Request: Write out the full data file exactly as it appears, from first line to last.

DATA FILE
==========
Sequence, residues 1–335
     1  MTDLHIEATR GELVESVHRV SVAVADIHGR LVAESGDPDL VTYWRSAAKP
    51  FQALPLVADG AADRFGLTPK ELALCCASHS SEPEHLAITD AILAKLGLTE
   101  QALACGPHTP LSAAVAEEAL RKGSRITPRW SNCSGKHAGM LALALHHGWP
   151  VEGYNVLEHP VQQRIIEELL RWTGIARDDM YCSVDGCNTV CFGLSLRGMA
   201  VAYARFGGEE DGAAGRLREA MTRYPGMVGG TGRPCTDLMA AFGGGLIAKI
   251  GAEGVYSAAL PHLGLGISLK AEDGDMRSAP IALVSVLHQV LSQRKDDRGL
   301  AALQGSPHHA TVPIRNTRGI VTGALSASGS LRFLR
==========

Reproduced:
Sequence, residues 1–335
     1  MTDLHIEATR GELVESVHRV SVAVADIHGR LVAESGDPDL VTYWRSAAKP
    51  FQALPLVADG AADRFGLTPK ELALCCASHS SEPEHLAITD AILAKLGLTE
   101  QALACGPHTP LSAAVAEEAL RKGSRITPRW SNCSGKHAGM LALALHHGWP
   151  VEGYNVLEHP VQQRIIEELL RWTGIARDDM YCSVDGCNTV CFGLSLRGMA
   201  VAYARFGGEE DGAAGRLREA MTRYPGMVGG TGRPCTDLMA AFGGGLIAKI
   251  GAEGVYSAAL PHLGLGISLK AEDGDMRSAP IALVSVLHQV LSQRKDDRGL
   301  AALQGSPHHA TVPIRNTRGI VTGALSASGS LRFLR